Over the past year, I’ve reined myself in, but I still fear we’ve reached a sort of tipping point when all these connections to phones and computers will start to drastically harm the connections between ourselves. On date nights with my wife, for instance, we can’t go into a restaurant without finding two young people sitting at a table with iPhones literally propped up between them like a barrier. Is this the dating world my daughter will soon enter? Is this the sort of conversation I want to have with my wife?
To unplug and reconnect with each other, our family is always re-evaluating how we deal with personal media, but we have some hard and fast rules when it comes to being plugged in. I’d love to hear your advice for unplugging, too.
No toys at the table 1 of 7This is No. 1 and almost sacred. You are not Jack Bauer. Even the busiest working parent can take 15 minutes from the day for an electronics-free dinner. I always hear: "But my boss is expecting my email!" Your boss has no flipping idea when you even GOT the first one you so desperately need to reply to. It can likely wait 5 more minutes. Of course, look, there are days when you just have to get stuff done, so excuse yourself from the table to file that TPS Report.
No toys at the park 2 of 7The playground is for exercise and personal freedom, not Angry Birds. Put that crap away. Both of you.
Toys are not parents 3 of 7If you're out to a nice dinner or a simple taco lunch with the kids or a group of kids — when I see this scenario the most — don't hand over a phone or iPad so you can eat or chat with a friend in peace. As difficult as it is to actually engage these little monkeys for 15 minutes, go for it.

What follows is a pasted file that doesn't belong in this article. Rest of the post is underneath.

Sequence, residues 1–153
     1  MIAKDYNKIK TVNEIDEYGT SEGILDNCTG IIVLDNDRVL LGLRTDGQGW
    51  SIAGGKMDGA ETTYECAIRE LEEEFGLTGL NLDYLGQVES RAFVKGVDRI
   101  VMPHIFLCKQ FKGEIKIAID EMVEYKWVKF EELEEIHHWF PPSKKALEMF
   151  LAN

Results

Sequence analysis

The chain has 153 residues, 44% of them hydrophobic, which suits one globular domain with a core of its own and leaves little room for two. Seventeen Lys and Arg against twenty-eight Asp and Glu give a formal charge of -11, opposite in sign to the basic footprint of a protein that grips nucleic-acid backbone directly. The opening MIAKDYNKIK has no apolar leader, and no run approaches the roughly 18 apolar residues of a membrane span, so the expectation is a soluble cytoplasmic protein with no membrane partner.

Un-app thyself 4 of 7I took Facebook mobile apps off my phone completely, having been guilty of checking mindless status updates while doing everything from waiting in the checkout line to waiting in the doctor's office. Do you need to be so tapped in to the "OMG. I just had the best lunch ever! Ugh, burrito baby!" crowd? It can
Create email time 5 of 7I wake up super early to get some work done and try to squeeze in most of my correspondence during this time, so I can have the rest of the day to hang with my daughter. In the evening, after she's in bed, I can turn the computer back on and get back to work. This scheduling of electronics works for me and my schedule but I bet a lot of people could plan a time during the day when they are electronics-free — whether to hang with the kids or just read a book.
Play video games! 6 of 7Huh? This may seem counter-intuitive, considering this whole thing is about unplugging, but there are a few stupid video games my daughter and I enjoy and playing them together can be a real treat for both of us. The key word is: together. On the weekends, she and I can play "Where's My Water" or "Angry Birds" together for a few minutes, and then the phone goes away. I don't want her connected all the time, but it seems impossible to turn her into a Luddite.
Leave it at home 7 of 7If you're going to be running short errands around the neighborhood and you feel like the phone offers too big of a suck away from the family, just leave that crap at home. Put it on a shelf. I do this now when shopping or going to the park. Whatever messages are waiting for me when I get back can continue to do just that: wait.
Mike Adamick writes at Cry It Out!
Main photo: Common Sense Media
All others: Morguefile